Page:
DayQuil_Man 6 points 25 months ago

"however I am very happy with the result, and am working on it flawlessly even since I've completed the build in November 2016.".

maorlavi submitter 1 Build 4 points 25 months ago

On a side note, I got 50% on it... Besides, AMD Ryzen is completely new, and not tested enough in the community of CG. Being an independent freelancer, I frequently use forums for tech support since I need to quickly be able to fix issues I have, all this community is on intel so support is easy to come by. I am using this system for work and the software I use (tested at studios I go every once in a while) AMD workstations can't match intel's performance. Seems though that they are finally getting there.

JR3538 1 point 25 months ago

he bought his parts in november

PigWithAMustache 2 Builds 1 point 25 months ago

oh i didnt see that...

JR3538 1 point 25 months ago

its all good lol

Justiceinacan 7 Builds 1 point 25 months ago

Love your motherboard choice, looks really cool!

maorlavi submitter 1 Build 1 point 25 months ago


adamriguez 1 Build 1 point 25 months ago

Love the build, definitely good choice with the CPU and GPU for After Effects and animations. As a front-end web developer and designer I dabble a bit in After Effects but don't rely on it heavily. Render times are going to be phenomenal for you.

maorlavi submitter 1 Build 1 point 25 months ago

They are (as mentioned, already using this for 2.5 months) As for after effects - the CPU and GPU (unless using specific plugins such as Element) make little difference, a much cheaper option of both would probably made very little difference). After Effects is very RAM hungry, and disk hungry. When After Effects is required to read in realtime Gigabytes-over-gigabytes of footage, and/or image sequences comming from 3D renders the read speed of the SSD makes all the difference. The truth is that the 960Pro wasn't available anywhere at the time I bought this, so I "settled" for the SM961, but turns out that in some cases it even beats the 960Pro. The one downside of it is the lack of support: Firmware update and Samsung Magician are off limits, unfortunately. Performance-wise it's incredible.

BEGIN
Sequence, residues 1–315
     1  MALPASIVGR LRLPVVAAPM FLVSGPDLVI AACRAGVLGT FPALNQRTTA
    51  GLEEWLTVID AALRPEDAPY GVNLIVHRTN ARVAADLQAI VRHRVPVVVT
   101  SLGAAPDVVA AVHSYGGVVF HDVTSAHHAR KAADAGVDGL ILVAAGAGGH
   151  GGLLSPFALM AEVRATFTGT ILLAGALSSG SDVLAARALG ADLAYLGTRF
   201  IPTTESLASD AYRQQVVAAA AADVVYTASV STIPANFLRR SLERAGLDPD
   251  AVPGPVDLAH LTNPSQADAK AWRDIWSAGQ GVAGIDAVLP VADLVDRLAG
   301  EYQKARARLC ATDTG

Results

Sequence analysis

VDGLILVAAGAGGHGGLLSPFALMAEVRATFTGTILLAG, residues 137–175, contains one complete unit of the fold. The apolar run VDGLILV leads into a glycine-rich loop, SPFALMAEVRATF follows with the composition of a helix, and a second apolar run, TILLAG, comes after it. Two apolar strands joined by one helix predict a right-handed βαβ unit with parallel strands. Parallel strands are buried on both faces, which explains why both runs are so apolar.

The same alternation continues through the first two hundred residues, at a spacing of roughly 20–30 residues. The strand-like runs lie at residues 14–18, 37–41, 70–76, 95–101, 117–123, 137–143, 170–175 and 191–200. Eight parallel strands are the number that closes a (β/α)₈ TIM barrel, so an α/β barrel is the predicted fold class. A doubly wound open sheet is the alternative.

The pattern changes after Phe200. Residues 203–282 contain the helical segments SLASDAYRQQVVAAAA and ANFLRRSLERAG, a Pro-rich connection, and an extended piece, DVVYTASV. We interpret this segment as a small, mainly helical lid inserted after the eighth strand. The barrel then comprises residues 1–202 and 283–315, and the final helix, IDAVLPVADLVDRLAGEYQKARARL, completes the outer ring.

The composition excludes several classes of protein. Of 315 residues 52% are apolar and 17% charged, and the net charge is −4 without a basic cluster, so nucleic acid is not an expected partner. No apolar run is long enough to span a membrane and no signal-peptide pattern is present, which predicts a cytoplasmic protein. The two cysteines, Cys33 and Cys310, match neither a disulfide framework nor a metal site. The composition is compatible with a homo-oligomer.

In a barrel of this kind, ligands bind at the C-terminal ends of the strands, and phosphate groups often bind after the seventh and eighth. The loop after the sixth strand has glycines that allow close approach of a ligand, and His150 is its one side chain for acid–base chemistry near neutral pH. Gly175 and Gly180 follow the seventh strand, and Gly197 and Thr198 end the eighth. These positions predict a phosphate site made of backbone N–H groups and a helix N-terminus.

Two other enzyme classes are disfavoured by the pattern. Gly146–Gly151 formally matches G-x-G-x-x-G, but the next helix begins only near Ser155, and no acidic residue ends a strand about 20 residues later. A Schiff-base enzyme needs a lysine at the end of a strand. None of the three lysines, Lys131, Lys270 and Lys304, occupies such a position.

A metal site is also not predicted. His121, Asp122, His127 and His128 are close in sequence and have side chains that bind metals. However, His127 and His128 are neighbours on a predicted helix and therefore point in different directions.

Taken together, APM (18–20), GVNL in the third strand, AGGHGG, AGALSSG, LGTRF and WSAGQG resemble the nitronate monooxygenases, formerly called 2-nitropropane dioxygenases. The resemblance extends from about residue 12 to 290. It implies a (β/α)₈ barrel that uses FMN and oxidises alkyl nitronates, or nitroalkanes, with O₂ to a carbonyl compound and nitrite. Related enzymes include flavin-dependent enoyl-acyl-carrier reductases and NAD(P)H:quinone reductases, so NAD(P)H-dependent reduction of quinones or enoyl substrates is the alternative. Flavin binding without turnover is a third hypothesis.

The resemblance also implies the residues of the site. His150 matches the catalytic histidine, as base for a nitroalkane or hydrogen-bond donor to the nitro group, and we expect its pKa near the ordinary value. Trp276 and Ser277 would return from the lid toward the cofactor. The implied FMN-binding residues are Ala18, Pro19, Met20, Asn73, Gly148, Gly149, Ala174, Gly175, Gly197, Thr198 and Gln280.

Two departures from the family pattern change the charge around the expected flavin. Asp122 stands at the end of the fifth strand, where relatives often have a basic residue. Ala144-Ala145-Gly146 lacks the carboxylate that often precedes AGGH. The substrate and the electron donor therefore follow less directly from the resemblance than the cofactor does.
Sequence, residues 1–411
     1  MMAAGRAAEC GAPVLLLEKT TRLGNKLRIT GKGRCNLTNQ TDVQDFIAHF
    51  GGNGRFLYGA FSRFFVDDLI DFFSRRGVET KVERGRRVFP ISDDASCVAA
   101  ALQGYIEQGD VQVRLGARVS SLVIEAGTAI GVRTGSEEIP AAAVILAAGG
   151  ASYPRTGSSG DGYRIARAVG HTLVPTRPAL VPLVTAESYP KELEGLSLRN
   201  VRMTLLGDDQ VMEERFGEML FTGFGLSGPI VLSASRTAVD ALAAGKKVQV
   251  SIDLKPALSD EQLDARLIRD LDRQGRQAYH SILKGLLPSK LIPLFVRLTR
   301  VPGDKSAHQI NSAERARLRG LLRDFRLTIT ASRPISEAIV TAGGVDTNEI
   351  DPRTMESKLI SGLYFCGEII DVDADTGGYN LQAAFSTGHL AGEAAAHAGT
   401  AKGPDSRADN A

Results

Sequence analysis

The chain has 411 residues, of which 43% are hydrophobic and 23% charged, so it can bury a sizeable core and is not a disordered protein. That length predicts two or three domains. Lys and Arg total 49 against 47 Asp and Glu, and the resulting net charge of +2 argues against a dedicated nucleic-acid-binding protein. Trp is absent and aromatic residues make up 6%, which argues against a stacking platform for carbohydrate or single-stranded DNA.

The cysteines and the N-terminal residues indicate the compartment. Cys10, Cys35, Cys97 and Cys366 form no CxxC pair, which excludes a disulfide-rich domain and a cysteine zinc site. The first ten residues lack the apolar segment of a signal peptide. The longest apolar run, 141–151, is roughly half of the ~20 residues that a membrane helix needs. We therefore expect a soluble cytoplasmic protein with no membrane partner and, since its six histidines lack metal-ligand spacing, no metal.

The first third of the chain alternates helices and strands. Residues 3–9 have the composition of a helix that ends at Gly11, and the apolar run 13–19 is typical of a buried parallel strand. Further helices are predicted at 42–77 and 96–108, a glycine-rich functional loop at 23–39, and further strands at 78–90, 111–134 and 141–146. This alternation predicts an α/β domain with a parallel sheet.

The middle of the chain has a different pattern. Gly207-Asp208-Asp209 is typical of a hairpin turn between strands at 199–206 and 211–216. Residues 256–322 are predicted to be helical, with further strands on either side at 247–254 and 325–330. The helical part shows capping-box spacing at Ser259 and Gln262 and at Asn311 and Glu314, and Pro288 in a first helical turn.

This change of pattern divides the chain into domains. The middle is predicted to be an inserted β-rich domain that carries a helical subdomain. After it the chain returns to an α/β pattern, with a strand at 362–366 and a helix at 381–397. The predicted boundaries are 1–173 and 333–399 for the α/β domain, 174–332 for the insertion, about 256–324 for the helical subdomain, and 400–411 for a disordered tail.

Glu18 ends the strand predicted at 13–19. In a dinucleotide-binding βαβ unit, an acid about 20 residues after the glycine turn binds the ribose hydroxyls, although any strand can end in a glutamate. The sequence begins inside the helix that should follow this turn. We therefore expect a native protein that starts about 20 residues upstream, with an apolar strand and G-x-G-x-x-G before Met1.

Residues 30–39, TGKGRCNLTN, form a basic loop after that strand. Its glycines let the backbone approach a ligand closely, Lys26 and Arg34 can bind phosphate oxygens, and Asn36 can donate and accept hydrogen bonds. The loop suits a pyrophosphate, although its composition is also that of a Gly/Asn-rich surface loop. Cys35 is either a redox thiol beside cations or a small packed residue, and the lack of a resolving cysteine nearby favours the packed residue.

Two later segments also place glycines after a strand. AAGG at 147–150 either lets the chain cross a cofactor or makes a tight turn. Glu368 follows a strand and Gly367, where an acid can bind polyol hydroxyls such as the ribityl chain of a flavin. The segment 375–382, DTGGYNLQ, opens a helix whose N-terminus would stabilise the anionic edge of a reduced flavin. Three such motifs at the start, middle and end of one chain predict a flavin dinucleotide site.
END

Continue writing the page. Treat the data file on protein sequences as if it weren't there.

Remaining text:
MuchLinux6500 2 Builds 1 point 25 months ago


JoeyRocco 1 point 25 months ago

Hi There!!! This is a pretty cool build. Impressive indeed. I am someone who has experience in the CG field as well, and I currently have a Dell 690 PWS. I am looking to build a new pc to upgrade. I am always looking to see what other people do when it comes to Autodesk apps, such as Maya. I am sort of old school, but, I am used to Xeons, but was looking at i7s. I also was considering the M4 Quadro. Is there a huge difference between a Quadro card as opposed to a GeForce GTX card???

maorlavi submitter 1 Build 1 point 25 months ago

Quadro vs GTX is an endless debate. I am not a hardware expert, so feel free to look at posts at hardware forums such as tomshardware, anadtech, etc. From my 6 years of experience: NO, GTX cards are always going to be faster, and they cost about a third to a quarter of their equivalent Quadro counterparts. Quadro's selling point are optimized drivers - this will result (supposedly) in more accurate viewport display (the window used when actually working in a 3D suite). If money is not an issue - go for it! but as far as speed & rendering - you won't get any value added. Also - note that most rendering is done on the CPU, and even current GPU rendering sends calculations to the GPU - so the results should still be good. If your are using 'Maya Hardware / Maya Hardware 2.0' for final frame rendering and accuracy is extremely important you might want to consider a Quadro as well. Again, I myself am an animator, not a hardware expert so all this is said with my own experience, since I am on a budget, and I purchase a new build every 5+ years I try to both get the best Hi-End system I can without completely breaking the bank, so I use the GTX cards, always had. Both Autodesk and Adobe would still recommend Quadros but testing is still done on GTX cards and some are still certified. Autodesk MAYA 2016 - 2017 Certified Hardware Autodesk Certified Hardware website